News & Updates

Mike Neill tells about his Ironman experiences (and why all triathletes should have a physio)

Plus, how a love of team sports has translated to a career in coaching.

How did you get into Ironman?

It was a strange journey! I played hockey for Queen’s up until I was 20 but had recurring knee injuries. I’d always seen Ironman on TV and it intrigued me. I remember thinking to myself, “I want to try that one day,” even though I didn’t swim, bike, or run at the time. At Queen’s, I went to a ‘Clubs Night’ event and signed up for their Tri Club. There were some great people there, and coaches that inspired me to get into it. That was the beginning of what’s become 25 years of my life. I raced professionally from 1999 to 2011, and then I thought I would give it up and retire. But, I missed it! Now I do smaller races. It keeps me out of trouble! 

When I started, I did not know how to swim. Just as I was getting into the sport, Simon Whitfield had moved to Kingston (this was 1997, a few years before he won the Olympics). We got to know each other and he’s the one who motivated me to take swimming more seriously. So, I joined a local swim team comprised of kids half my age. I even had to get permission from the parents of the swim team to join! It was a good ego check for me, a very humbling experience.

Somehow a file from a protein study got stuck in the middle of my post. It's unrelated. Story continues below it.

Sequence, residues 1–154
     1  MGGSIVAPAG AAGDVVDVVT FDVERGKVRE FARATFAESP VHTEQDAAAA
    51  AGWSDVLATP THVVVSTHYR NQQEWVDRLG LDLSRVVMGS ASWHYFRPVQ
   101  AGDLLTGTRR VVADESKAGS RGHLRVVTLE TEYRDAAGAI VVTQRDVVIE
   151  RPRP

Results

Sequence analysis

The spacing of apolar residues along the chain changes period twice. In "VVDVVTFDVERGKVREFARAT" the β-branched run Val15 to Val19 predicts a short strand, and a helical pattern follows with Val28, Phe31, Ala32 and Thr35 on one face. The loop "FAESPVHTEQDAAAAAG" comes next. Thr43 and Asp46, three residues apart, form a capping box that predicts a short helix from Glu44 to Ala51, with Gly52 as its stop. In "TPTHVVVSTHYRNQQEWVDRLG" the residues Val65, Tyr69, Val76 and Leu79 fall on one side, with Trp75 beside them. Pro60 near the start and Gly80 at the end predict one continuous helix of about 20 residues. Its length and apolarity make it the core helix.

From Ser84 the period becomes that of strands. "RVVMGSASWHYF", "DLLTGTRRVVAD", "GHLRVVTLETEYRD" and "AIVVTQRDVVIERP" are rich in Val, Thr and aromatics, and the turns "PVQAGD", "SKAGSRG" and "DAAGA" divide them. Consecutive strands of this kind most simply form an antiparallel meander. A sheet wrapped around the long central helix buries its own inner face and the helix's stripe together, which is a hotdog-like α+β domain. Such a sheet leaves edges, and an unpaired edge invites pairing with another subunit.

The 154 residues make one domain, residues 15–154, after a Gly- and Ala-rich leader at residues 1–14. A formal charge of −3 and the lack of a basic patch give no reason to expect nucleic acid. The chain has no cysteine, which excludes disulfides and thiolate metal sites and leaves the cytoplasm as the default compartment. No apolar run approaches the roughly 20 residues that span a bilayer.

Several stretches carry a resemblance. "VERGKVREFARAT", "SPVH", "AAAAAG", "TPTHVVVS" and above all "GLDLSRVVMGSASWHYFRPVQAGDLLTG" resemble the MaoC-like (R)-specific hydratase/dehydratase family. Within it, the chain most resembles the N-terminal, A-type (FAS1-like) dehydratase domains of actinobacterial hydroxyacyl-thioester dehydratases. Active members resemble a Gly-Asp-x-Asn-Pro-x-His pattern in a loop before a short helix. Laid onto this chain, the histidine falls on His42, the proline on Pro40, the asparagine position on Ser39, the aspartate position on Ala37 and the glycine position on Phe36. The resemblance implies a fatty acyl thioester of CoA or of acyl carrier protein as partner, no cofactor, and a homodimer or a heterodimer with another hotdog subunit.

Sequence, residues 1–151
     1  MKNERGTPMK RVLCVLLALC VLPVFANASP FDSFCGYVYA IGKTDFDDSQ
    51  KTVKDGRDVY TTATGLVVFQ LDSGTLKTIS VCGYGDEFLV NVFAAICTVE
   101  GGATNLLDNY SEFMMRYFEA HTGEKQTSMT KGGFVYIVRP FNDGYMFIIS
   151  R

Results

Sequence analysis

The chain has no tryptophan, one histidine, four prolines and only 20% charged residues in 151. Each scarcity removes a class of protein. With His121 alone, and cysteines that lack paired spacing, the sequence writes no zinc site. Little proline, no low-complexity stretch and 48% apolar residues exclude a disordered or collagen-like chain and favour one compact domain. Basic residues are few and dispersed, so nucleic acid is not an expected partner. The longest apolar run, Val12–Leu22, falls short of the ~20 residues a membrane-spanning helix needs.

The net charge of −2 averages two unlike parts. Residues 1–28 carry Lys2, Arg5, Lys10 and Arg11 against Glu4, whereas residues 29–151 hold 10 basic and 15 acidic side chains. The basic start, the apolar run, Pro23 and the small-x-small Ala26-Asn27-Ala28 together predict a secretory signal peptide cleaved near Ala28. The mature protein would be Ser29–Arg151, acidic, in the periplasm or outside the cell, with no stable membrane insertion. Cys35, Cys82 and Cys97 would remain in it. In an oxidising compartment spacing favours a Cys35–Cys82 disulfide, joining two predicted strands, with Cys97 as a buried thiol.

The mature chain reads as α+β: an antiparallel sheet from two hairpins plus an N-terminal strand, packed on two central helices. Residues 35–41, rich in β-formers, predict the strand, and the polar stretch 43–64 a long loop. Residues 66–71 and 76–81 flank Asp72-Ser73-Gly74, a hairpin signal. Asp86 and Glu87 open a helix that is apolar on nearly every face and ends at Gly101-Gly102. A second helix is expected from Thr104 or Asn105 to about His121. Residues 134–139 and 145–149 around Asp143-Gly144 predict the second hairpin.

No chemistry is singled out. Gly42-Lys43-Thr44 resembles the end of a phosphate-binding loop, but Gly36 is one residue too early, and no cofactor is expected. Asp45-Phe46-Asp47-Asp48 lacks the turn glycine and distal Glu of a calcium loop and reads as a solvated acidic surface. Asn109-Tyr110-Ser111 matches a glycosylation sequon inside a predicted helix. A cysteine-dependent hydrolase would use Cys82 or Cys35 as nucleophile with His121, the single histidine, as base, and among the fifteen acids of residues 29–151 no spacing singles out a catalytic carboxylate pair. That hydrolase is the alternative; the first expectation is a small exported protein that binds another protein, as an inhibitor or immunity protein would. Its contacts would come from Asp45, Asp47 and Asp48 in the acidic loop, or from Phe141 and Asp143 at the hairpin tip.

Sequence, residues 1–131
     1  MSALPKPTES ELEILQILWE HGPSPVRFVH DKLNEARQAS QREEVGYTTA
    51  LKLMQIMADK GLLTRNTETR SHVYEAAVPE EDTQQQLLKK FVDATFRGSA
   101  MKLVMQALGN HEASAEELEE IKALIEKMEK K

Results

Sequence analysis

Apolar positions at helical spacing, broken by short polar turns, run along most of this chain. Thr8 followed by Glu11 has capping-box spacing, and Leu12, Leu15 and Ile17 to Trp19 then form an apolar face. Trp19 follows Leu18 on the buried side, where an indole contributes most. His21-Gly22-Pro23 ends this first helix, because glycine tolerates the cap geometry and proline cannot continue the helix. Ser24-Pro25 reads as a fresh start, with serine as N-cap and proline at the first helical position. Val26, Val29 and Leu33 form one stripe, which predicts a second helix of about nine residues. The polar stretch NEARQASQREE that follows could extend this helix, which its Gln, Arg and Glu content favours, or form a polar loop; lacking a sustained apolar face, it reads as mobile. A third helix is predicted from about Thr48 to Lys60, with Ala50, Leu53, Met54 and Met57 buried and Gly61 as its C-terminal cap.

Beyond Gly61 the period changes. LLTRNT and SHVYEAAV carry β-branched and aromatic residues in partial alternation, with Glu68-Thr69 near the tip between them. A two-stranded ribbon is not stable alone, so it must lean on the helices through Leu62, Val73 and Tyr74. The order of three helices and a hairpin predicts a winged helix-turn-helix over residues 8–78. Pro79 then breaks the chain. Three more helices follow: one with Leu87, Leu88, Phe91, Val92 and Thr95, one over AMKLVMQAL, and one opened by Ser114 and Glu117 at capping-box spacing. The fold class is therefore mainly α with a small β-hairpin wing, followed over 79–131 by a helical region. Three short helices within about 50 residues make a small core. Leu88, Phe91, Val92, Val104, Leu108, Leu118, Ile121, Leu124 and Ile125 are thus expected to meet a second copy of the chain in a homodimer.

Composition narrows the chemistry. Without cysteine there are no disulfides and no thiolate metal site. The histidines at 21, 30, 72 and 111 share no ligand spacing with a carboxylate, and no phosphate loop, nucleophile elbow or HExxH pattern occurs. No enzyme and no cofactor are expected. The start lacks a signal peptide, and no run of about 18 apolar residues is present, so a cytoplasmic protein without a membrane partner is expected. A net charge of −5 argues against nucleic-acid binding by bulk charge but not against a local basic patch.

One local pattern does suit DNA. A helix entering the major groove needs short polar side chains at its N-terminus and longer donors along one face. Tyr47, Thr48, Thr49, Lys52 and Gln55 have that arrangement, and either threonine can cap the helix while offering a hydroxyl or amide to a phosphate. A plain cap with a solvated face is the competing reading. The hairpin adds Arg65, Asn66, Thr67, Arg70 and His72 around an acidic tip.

I like to say that while I have a political science degree from Queens, I also got a PhD in triathlon. And, training and racing in triathlons is what eventually brought me out to Victoria!

Mike Neill bikes through the countryside, wearing a red jersey, black helmet and reflective sunglasses, during an Ironman event.

How does racing professionally differ from racing for fun?

When you’re racing at that level, it has to be a singular obsession, 10 months of the year. It really does take over your life. Now, I still like to think that I train hard close to the race date, but only eight weeks before the race.